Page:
Here's How Long You Can Use Buttermilk After Opening

There are so many reasons why a bottle of buttermilk deserves a permanent spot in your refrigerator. You can whisk it into pancake mix for a fluffy, pillowy rise; add it to a batter to make the crispiest shell on fried chicken; or pour it into a salad dressing for a creamier body with a hint of tang. However, since this dairy product isn't quite as widely-used as milk or cream, you might not know how to store it or when it goes bad.

Buttermilk is basically fermented milk. It has a thick, somewhat lumpy texture and tart flavor due to lactic acid produced by the fermentation process. You may know that fermented foods can last a long time, and lactic acid does inhibit the growth of bacteria, but unlike pickles or miso, buttermilk doesn't last for months. An opened container will only stay fresh for two weeks when stored in a refrigerator, and for up to three months if kept in the freezer. 

This shelf life may not be super long, but gives you enough wiggle room to use up your buttermilk. However, its shelf life could be much shorter if you don't store it properly. Factors like drastic temperature changes or improper handling can cause this product to spoil way before two weeks are up. Learning to store it the right way, and how to tell if it's bad, can save you the misfortune of tossing out a mostly-full carton.

Signs that your buttermilk has gone bad

Whether you make homemade buttermilk or buy it, it needs to be stored in the fridge in an airtight container and thoroughly examined before each use. Try not to store it on the door of the fridge, which tends to be the warmest area with the most temperature changes, which speeds up spoilage. Before using, look for signs of mold on the buttermilk or its container, as well as yellow discoloration. The buttermilk's naturally tangy aroma will also turn more overtly sour as it deteriorates. 

The lumps in buttermilk should also be small enough to break down under a spoon or whisk. Spoiled buttermilk, on the other hand, will have a very thick, slimy consistency, with lumps so large that the substance is more solid than liquid. Lastly, buttermilk naturally separates into solids that sink to the bottom and liquid whey that floats on top, but when fresh, all it needs is a quick shake to combine the two parts. When shaken, bad buttermilk will split into big chunks similar to cottage cheese, and these won't mix back into the liquid.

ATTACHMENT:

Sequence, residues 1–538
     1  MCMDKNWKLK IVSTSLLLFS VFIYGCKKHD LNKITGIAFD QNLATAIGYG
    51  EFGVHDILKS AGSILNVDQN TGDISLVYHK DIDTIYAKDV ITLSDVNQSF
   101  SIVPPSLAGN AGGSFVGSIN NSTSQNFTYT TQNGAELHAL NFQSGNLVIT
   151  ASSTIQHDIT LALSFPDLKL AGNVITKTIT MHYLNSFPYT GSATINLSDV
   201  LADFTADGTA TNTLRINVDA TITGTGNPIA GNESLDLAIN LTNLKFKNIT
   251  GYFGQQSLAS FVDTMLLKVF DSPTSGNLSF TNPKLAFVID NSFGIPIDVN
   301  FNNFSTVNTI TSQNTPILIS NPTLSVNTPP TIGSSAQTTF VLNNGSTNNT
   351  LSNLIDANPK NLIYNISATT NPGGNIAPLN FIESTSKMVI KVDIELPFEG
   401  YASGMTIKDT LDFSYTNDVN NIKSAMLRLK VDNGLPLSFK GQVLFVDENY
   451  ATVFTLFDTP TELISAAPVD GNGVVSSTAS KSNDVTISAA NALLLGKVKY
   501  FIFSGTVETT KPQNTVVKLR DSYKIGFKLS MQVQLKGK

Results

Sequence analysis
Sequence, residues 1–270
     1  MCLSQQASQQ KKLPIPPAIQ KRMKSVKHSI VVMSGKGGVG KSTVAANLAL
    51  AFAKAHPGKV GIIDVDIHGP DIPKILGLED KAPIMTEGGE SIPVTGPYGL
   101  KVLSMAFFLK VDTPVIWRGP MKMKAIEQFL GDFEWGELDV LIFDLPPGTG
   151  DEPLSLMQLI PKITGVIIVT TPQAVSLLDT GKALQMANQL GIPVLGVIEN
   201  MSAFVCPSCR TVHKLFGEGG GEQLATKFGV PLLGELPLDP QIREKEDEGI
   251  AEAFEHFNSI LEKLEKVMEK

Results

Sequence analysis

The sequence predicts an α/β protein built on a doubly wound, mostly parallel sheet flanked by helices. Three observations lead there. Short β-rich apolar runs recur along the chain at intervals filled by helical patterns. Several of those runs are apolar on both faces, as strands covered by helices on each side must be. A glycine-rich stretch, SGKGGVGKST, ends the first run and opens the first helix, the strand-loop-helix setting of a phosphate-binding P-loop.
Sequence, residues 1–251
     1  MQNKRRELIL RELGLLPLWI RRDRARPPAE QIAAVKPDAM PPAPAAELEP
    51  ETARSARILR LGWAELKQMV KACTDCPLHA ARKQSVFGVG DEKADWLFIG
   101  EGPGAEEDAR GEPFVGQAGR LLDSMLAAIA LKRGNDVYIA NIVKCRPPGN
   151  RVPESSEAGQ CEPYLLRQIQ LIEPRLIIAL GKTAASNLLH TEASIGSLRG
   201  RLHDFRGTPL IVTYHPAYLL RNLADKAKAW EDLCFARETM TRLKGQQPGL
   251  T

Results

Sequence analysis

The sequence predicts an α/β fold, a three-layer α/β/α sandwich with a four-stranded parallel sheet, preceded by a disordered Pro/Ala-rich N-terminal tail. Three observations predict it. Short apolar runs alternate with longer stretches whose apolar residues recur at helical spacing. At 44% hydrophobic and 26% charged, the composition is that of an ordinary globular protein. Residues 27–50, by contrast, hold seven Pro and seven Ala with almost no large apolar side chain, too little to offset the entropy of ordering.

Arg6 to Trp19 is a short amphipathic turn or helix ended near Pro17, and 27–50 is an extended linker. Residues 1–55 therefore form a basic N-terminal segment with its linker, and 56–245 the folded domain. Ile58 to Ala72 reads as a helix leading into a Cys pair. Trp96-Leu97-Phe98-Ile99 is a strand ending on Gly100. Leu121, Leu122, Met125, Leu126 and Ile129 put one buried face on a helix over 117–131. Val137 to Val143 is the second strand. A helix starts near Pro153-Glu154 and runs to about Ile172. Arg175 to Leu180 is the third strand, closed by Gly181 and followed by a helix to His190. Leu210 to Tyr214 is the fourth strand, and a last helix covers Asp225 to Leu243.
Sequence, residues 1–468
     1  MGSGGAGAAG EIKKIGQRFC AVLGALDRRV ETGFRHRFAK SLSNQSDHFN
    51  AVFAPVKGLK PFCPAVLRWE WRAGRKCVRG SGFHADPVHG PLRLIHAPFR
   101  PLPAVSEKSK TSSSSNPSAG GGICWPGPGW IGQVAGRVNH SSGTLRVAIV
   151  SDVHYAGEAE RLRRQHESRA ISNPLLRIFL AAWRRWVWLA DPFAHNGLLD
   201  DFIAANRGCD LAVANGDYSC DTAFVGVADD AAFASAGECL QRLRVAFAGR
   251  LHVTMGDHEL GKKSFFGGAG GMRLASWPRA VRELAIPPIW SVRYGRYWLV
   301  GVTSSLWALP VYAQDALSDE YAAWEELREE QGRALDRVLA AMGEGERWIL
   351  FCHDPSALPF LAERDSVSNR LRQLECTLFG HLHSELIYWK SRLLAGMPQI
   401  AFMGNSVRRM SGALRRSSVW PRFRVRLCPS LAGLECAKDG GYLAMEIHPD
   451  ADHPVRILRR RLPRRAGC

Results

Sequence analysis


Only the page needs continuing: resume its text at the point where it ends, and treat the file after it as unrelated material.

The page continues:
While you ought to rely on visual and olfactory signs to determine if your buttermilk is bad, you could taste test it, if you're okay with a risk of consuming bacteria. Fresh buttermilk has a creamy, buttery flavor with a hint of tang, but becomes more sour as it sits.

Is freezing worth the longer shelf life?

Buttermilk's two-week shelf life can be extended to three months if stored properly in the freezer, but the downside is that it won't be the same after thawing. It tends to separate when thawed and takes on a lumpy and gritty texture. If you're hoping to use buttermilk in a smoothie or salad dressing, this mouthfeel can lead to unpleasant results. However, if you're using buttermilk in cake batter, a meat marinade, or other "cooked" applications, the thawed and frozen stuff can work fine. It will still have the acidity and fat that adds tenderizing and enriching properties to cooked dishes.

While an opened, half-used container of buttermilk can be frozen in its original carton or bottle, as long as there's enough extra space for the liquid to expand as it freezes, you might consider pouring it into an ice cube tray instead. This will give you small, convenient cubes that you can pop out as needed — no need to hack away at a giant block of frozen buttermilk every time you want some. In any case, transfer frozen buttermilk to the refrigerator to thaw overnight before you go ahead and use it in your recipes.